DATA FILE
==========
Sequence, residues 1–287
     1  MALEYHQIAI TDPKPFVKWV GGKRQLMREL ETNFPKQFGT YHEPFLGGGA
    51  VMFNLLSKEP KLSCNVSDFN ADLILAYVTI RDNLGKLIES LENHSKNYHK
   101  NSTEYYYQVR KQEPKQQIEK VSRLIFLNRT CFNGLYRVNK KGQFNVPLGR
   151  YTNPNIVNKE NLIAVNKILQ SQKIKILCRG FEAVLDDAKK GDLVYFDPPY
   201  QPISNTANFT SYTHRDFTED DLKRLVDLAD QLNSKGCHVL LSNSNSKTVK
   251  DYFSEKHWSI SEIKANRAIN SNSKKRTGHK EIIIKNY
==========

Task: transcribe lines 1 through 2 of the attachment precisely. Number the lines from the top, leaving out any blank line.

Sequence, residues 1–287
     1  MALEYHQIAI TDPKPFVKWV GGKRQLMREL ETNFPKQFGT YHEPFLGGGA